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Meet the new Mayor of Boston

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Adoption is a theme running through Alison Austin’s life and as the town prepares to adopt her as our next mayor we take a closer look at the life of the borough’s next first citizen...

Alison was adopted as a baby, has an adopted sister and has adopted three children herself and the town will this month adopt her as the 480th Mayor of Boston.

Describing herself as ‘a product of the war’ she was born in Essex in 1943, but came to Kirton aged only a few months old as the adopted daughter of Dr and Mrs Hardwick, who also adopted another daughter, 18 months older.

Alison’s father, Dr Hardwick was the village doctor from 1928 until his death in 1957, when she was just 13.

His memory lives on in the village with Hardwick Road and the Hardwick Estate being named after him.

Her parents had married in 1938, her mother Mollie (Rosalind Mary) being daughter of Dr C.W. Pilcher, of Boston.

Alison was educated until she was 11 at Miss Green’s ‘dame’ school – a room in her home. She passed her 11-plus aged only 10 and moved up to Boston High School for Girls.

Having passed her O-levels and A-levels she went to the University of Wales in Cardiff where she graduated with an honours degree in mathematics.

Before finishing her degree, romance blossomed. In her second year Alison gained a summer job working in the Ministry of Agriculture’s entomology laboratory and met Richard, agricultural adviser for Holbeach Marsh. After just a three-week courtship, they were engaged, Richard having taken her to the top of Boston Stump to propose marriage.

Aged just 21 – Richard was 28 – Alison had a year left to finish her degree. They married two years later, in July, 1966, and lived in West End Road, Wyberton, by which time Alison had started teaching maths at Sleaford High School. After two years there she taught for another two years at Boston High School before taking seven years off to raise their adopted children, Lucy, now 42, Christopher, 41, and William, 37. They have five grandchildren.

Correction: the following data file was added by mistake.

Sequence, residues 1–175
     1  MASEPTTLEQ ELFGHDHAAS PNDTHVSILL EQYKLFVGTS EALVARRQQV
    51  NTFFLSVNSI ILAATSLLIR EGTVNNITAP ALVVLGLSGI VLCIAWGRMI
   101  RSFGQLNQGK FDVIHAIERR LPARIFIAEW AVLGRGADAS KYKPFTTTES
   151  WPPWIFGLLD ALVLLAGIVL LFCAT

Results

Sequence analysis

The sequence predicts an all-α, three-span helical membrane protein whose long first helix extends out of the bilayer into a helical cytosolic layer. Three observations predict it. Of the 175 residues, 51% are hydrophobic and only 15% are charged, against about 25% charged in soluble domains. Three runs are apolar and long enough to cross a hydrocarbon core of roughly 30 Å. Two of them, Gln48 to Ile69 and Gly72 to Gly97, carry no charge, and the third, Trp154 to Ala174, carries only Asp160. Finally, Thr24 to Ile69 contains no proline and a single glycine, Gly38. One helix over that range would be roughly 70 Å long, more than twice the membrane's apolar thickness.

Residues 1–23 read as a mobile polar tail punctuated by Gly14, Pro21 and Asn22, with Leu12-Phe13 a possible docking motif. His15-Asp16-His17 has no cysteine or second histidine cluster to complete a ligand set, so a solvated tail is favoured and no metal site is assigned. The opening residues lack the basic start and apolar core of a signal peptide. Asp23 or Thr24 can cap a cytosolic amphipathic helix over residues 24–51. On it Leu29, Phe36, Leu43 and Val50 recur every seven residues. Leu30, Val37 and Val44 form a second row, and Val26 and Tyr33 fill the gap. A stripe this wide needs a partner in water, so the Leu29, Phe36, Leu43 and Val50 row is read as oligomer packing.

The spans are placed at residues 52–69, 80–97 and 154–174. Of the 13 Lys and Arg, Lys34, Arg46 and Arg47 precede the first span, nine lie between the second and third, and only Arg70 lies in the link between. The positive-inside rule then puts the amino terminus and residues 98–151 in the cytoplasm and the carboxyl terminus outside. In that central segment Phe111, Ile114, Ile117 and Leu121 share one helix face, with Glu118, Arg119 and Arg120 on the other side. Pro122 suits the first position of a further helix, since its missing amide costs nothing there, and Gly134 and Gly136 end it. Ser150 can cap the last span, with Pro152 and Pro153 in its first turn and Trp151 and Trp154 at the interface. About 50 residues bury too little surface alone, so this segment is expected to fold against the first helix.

As their children took part in activities, Alison found herself volunteering to keep the local Brownie pack going and was Brown Owl for 15 years. She was also active in the Ladies’ Circle and Wyberton Parish Church and, for a while, took around Meals on Wheels.

They moved to their current home in Low Road 36 years ago. More recently, Alison and Richard turned their hand to landscaping their extensive garden. They share their home with Archie, a ginger cat.

Alison went back to teaching part-time at Sleaford, staying for six years, before moving to teach at Boston Grammar School. She stayed there for fourteen-and-a-half years before taking early retirement in 1999.

Alison likes challenges and gained a first-class Open University degree in human geography aged 63.

Her life took another turn when she was persuaded, despite early resistance, to stand for election to Boston Borough Council. Led by Richard, the Boston Bypass Independent party swept to power at borough level in 2007.

Last year she was also elected to Lincolnshire County Council as a Lincolnshire Independent.

In 1999 Alison decided she needed something more to do with her life and made up her mind to volunteer as a charity shop worker - but found herself at homelessness charity Centrepoint Outreach, volunteering in the drop-in.

“Every one of these is someone’s son or someone’s daughter. It could be our son. It is so easy these days to be in this situation – a relationship breakdown or a loss of employment, especially without the backing of family, can end this way,” she said,

Alison is a director of the charity and for three years was chairman.

She has selected Centrepoint Outreach to be one of her two Mayor’s Charities. The other will be the Gateway Club, part of Boston Mencap - this choice being influenced by her younger grandson having Down’s Syndrome.

Richard will be her consort and Coun Helen Staples will be Deputy Mayoress, supported by Sue Still.

 

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